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story.lead_photo.caption While some of us learn to bake sourdough or plant a garden, the students of the University of Missouri School of Law Veteran's Clinic are still hard at work helping veterans.

While some of us learn to bake sourdough or plant a garden, the students of the University of Missouri School of Law Veteran's Clinic are still hard at work helping veterans.

"During the pandemic, with everything that's happened, while students are no longer physically in class, we've kept going remotely," Veterans Clinic Director Brent Filbert said. "Our representation hasn't missed a beat."

He and Veterans Clinic support specialist Sara O'Connor spoke to the Fulton Rotary Club about the clinic and the Tigers for Troops program.

"Our law students take (the Veterans Clinic) course in their second and third year," O'Connor explained. "This allows our clinic to provide pro-bono assistance to veterans looking to appeal for Veterans Affairs benefits or upgrade their discharge status."

Filbert said the process of receiving veterans' benefits is byzantine and often riddled with errors. The process to appeal the VA's decision is even worse.

"Average time from filing to resolution is about seven years," he said. "(These cases) often have difficult legal issues and medical issues."

The other main type of case the clinic takes on is upgrading the discharge status of veterans. If a veteran is discharged from the military with an other-than-honorable discharge or worse, they typically can't receive veterans' benefits.

"They didn't go to court marshal or get criminal charges," Filbert said of the vets who received OTH discharges. "They did something stupid, got in a fight or smoked pot. They get discharged with other-than-honorable, and they get nothing."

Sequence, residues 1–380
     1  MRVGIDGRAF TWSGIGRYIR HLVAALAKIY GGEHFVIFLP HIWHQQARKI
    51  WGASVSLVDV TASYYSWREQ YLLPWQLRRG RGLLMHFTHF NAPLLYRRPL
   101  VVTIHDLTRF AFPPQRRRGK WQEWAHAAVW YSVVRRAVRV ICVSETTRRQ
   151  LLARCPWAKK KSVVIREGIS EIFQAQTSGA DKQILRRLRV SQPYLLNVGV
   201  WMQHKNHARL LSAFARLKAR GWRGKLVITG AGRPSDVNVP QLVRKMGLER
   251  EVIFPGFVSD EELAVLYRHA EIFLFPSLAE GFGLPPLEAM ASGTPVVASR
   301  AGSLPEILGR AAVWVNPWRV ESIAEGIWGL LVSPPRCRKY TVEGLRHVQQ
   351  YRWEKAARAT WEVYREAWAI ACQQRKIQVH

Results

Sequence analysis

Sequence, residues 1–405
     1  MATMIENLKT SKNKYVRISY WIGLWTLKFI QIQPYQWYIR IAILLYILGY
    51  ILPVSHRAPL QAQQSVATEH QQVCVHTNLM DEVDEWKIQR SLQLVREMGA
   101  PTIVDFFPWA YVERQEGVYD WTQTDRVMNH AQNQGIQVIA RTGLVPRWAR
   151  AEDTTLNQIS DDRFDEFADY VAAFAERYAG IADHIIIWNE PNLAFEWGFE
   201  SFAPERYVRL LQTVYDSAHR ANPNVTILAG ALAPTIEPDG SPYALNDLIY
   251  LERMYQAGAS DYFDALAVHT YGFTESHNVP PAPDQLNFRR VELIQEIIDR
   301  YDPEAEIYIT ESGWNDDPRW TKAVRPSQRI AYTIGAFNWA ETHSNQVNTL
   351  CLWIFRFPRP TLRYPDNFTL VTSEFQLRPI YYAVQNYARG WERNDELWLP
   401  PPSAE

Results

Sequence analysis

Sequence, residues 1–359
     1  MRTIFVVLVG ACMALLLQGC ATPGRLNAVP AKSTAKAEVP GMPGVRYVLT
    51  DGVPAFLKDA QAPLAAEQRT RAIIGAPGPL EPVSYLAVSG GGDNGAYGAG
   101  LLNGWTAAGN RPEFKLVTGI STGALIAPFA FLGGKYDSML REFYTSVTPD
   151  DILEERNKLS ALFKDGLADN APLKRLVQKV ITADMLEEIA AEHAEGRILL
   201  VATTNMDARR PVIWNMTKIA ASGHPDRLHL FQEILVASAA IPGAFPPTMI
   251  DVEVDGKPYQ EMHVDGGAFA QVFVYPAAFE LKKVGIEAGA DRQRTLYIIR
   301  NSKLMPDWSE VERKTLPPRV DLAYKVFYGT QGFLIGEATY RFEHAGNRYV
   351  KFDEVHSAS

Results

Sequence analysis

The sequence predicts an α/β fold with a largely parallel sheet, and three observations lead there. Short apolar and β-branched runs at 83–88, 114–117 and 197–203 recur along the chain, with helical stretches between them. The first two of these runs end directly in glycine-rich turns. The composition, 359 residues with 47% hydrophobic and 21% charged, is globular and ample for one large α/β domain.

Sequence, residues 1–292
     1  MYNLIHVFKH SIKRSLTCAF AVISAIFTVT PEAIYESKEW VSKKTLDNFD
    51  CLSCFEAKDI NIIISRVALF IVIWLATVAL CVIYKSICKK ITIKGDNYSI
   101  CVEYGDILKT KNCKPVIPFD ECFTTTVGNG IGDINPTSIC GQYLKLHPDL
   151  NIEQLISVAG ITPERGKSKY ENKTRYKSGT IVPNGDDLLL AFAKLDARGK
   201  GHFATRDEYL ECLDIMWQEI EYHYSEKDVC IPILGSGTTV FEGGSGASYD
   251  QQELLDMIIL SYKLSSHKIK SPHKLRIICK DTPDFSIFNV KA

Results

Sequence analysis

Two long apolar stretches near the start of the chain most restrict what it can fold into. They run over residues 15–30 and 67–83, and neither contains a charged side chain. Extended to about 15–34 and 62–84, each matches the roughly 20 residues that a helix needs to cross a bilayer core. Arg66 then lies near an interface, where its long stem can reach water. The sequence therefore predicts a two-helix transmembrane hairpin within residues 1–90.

For these veterans, a lawyer is a vital aid in navigating the courts — but lawyers aren't cheap. By relying on law students, the Veterans Clinic can provide legal aid to vets for free, plus valuable experience for the students. Each year, up to 16 students take the course; the clinic is currently handling the cases of more than 155 clients.

"They're directly involved in representing vets," Filbert said. "This is one of few opportunities (in law school) to have a real client, someone talking to you on the phone maybe who isn't making a lot of sense or is emotional."

He showed a video of an interview with a Veterans Clinic client:

Filbert said, since its founding in 2014, the clinic has been able to assist more than 600 veterans, secure nearly $5 million in disability compensation and achieve a 100 percent success rate in getting clients' discharge status upgraded.

He said some of the students involved are veterans or have military family members. Some stay in touch with Veterans Clinic clients even after graduating.

"Our students are phenomenal," O'Connor said. "They really don't let those cases go; they'll continue to follow up with clients and develop wonderful relationships with them. It's amazing how confident they become so quickly that they can take on a case and help someone."

O'Connor overseas another Veterans Clinic program, Tigers for Troops, which focuses on giving free legal consultations and information on benefits to rural veterans in partnership with the MU Extension.

"The majority of Missouri vets live in rural communities," she explained. "Something like half the counties in the state don't have a dedicated service officer, a VA hospital or clinic or access to the resources you see in more urban areas. We've taken on task to reach out to every single one of those counties."

Though the pandemic has impacted progress on that front, it hasn't brought Tigers for Troops to a complete halt.

"We were recently able to meet 10 vets in Johnson County via Zoom meetings," she said. "We're still doing outreach."

Other Veterans Clinic efforts include filing amicus briefs in major veterans-related court cases, providing continuing legal education for lawyers and hosting an annual symposium on veteran law.

All that is done on a shoestring budget. Filbert said the program is funded entirely by private donations; the students work for free.

"A lot of them want to give back. They want to help veterans," he said.

To learn more, visit

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